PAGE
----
The Entity Framework Core Fluent API is used to configure the model classes. In this tutorial, we will learn the basics of Fluent API and learn how to use it to configure the model. The database is built using the model, which is known as Code First, The EF Core calculates the model by using the conventions and data annotation attributes. Both conventions and annotations do not cover all the functionalities. The Fluent API is another way to configure our domain classes. It is more flexible and provides developers with more power to configure the database.
EF Core Conventions or the default rules that you follow while creating the entity model. The EF Core uses these to infer and to configure the Database. It uses the information available in the POCO Classes to determine and infer the schema of the database that these classes are mapped to. For example, the table name, Column Name, Data Type, Primary keys are inferred from the Class name, property name & Property type by convention to build the database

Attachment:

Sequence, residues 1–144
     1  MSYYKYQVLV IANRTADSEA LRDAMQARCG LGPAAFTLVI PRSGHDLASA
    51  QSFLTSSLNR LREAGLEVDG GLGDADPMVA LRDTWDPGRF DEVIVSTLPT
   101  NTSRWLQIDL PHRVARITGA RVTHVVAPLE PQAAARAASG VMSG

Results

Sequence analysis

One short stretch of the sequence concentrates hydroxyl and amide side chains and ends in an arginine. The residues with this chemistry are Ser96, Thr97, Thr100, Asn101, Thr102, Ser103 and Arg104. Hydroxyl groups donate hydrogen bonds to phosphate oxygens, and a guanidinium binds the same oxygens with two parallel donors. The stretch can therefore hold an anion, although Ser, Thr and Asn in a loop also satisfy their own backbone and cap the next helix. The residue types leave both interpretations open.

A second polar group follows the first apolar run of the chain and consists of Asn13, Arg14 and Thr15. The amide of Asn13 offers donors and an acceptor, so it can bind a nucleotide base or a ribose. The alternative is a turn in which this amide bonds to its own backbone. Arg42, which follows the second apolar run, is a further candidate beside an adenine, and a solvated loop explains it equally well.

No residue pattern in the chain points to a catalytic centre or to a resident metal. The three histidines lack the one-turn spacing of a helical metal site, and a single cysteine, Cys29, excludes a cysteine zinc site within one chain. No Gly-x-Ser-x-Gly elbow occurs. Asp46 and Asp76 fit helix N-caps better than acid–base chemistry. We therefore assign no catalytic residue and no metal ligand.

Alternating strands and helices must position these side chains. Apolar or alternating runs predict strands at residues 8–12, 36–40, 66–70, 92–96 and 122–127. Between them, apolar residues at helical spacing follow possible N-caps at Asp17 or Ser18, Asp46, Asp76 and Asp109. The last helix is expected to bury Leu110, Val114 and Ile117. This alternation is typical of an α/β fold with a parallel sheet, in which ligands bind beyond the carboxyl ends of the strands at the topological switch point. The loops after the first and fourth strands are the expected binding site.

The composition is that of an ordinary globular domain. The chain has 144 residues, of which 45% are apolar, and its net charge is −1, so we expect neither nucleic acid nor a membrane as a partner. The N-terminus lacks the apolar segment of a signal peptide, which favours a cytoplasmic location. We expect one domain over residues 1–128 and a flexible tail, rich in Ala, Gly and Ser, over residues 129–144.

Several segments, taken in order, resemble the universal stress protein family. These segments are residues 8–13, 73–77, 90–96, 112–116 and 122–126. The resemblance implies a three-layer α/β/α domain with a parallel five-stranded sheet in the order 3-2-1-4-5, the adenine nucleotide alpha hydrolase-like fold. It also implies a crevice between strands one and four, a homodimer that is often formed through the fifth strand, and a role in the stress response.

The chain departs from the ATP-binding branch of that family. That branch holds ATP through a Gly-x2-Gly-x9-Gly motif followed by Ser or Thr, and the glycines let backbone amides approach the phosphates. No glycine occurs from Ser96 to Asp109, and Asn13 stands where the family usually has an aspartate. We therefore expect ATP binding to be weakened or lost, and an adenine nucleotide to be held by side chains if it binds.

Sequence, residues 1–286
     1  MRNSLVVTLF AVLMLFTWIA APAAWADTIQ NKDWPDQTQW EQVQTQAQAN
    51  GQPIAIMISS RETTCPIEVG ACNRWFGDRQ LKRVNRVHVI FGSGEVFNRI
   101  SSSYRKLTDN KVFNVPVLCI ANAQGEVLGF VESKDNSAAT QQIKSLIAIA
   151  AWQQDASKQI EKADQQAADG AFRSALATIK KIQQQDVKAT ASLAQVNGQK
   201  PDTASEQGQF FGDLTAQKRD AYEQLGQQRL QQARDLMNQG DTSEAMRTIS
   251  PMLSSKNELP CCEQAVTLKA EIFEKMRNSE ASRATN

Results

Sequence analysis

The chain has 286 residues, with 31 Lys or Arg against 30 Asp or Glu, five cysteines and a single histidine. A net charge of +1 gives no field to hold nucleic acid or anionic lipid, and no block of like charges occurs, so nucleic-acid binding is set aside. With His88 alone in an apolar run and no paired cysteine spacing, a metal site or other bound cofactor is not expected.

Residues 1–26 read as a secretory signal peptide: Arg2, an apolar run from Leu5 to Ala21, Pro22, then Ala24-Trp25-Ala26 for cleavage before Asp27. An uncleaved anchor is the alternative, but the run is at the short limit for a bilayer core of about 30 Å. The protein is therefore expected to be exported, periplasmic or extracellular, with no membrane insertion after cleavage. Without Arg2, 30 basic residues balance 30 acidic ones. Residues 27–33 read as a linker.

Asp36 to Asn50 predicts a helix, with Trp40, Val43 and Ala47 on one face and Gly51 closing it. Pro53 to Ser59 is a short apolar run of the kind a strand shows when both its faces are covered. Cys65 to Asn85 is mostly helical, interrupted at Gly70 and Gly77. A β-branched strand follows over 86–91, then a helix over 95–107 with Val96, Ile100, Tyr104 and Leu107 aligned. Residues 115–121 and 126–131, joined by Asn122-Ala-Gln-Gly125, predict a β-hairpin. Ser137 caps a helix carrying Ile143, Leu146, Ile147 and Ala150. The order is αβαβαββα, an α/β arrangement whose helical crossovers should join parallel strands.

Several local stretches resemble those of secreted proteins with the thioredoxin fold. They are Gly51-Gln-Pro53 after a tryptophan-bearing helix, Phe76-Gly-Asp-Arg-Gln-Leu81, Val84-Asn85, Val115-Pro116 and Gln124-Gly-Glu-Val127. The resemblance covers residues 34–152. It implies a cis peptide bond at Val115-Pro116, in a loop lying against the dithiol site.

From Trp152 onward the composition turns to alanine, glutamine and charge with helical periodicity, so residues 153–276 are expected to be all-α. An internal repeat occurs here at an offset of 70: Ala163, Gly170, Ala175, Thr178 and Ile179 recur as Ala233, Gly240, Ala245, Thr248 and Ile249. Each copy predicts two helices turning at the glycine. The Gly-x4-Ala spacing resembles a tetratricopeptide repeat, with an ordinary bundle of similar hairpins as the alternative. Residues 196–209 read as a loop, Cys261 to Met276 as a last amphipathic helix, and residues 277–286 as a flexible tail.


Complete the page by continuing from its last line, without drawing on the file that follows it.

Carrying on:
In this article, we will learn how to use Entity Framework core with existing database or Database First approach. The Entity Framework only supports code first & Database first approach. In Database First, we use scaffolding to create the entities from the existing database. This process is also called as the Reverse engineer the existing database. Once the entity classes are created both databases first & code first approach works in the same way Database First Approach
In this tutorial, we look at What is Entity Framework Migration is and how to create migrations. We will build a simple console application and create two models. We will use the add-migration command to create the migration and then use the update-database command to create the database. Next, we will update the model and create another migration and update the database. Then we will revert the migration from the database and remove the migration. Finally, we will also see how to generate SQL Scripts containing the migration commands
In this article, we look at DBContext. We also look at how to create a DBContext class in our ASP.NET Core application. Next, we will show you how to register DBContext for Dependency Injection. Later we will take a look at how to configure DBContext using DbContextOptions & DbContextOptionsBuilder. Finally, we will look at various functions performed by the DBContext